29 Jul 2009 8:00 am   //   Filed under: Food & drink

Better eating through chemistry

At home in Maryland last weekend, we were snacking on some popcorn chicken from the prepared-foods section of the grocery store. Mmm, those little fried nuggets were tasty! They had that savory fast-food flavor you can’t replicate in your own kitchen.

The secret? One of the ingredients on the label was “chicken flavor.” Chicken-flavored chicken! Genius!

If you’ve read Fast Food Nation, you may remember the description of the New Jersey factory where chemists create the artificial flavorings that are added to fast food. It’s why drive-through burgers taste the way they do: artificial beef flavoring. This seems like cheating—like using Auto-Tune to correct bad singing, or Photoshop to fix a bad photograph. But think about it. If you ran McDonald’s, wouldn’t you employ every tool at your disposal to make your hamburgers taste good?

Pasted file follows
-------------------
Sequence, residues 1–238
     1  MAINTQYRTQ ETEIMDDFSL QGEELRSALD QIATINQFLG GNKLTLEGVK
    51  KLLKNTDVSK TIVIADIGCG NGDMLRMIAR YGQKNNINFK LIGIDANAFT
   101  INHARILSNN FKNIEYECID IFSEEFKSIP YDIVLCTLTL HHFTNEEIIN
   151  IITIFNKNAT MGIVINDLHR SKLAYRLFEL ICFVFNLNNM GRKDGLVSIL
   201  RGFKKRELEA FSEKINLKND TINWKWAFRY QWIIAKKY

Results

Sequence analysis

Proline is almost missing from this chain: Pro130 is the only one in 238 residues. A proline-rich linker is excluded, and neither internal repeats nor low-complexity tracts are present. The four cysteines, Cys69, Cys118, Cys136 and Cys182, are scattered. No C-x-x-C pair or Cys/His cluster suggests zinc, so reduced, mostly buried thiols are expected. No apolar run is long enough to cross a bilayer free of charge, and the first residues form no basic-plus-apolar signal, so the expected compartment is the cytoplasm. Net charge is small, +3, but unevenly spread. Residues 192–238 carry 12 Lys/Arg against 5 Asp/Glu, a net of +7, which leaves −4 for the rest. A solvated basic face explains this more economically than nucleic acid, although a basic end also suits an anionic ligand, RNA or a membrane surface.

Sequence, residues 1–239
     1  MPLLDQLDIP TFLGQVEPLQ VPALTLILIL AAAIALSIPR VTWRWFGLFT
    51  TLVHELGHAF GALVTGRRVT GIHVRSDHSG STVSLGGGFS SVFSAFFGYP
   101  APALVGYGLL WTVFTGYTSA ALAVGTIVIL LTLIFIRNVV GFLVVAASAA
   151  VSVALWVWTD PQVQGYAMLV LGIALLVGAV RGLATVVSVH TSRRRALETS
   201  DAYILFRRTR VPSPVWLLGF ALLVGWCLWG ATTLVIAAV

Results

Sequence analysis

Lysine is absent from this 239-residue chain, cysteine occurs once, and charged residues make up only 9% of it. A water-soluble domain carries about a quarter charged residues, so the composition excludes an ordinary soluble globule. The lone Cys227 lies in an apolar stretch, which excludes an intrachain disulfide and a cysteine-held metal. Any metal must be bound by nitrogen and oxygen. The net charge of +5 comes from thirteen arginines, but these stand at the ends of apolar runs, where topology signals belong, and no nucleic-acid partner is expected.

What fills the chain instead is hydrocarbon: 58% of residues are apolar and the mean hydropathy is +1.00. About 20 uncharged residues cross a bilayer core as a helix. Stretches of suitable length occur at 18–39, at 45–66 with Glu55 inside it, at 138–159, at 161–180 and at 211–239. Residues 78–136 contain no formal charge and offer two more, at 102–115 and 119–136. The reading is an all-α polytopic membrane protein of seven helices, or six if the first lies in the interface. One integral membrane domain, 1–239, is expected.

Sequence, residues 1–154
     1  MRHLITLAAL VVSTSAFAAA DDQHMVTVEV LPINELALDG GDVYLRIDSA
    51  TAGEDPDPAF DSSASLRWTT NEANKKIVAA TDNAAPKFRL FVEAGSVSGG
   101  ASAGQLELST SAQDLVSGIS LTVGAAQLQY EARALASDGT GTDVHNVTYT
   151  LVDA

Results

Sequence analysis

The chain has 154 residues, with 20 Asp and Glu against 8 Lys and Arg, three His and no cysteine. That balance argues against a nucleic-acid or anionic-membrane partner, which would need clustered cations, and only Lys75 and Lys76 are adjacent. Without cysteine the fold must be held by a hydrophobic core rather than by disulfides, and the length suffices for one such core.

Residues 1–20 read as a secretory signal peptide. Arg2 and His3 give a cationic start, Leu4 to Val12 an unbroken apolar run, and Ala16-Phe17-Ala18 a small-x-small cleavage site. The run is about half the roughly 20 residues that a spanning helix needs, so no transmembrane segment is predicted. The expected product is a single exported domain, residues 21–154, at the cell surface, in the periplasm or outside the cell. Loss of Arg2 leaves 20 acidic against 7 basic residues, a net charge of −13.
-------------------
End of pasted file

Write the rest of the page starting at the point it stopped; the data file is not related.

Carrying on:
I can’t deny that I enjoy artificially flavored foods. They’re engineered for us to enjoy; I’d have to try to dislike them. And while pouring chemicals into my body seems like an iffy idea, artificial flavors are surely no worse for me than alcohol, and I’m not about to encourage a health crusade against beer.

Something still troubles me, though. It’s not the chemicals. It’s that maybe food tastes the way it does for a reason. If the chicken we eat tastes just like chicken, we’re more likely to eat the right portion of it. If it tastes like super-chicken, we gorge ourselves. We can’t help it. The food plays tricks with our heads.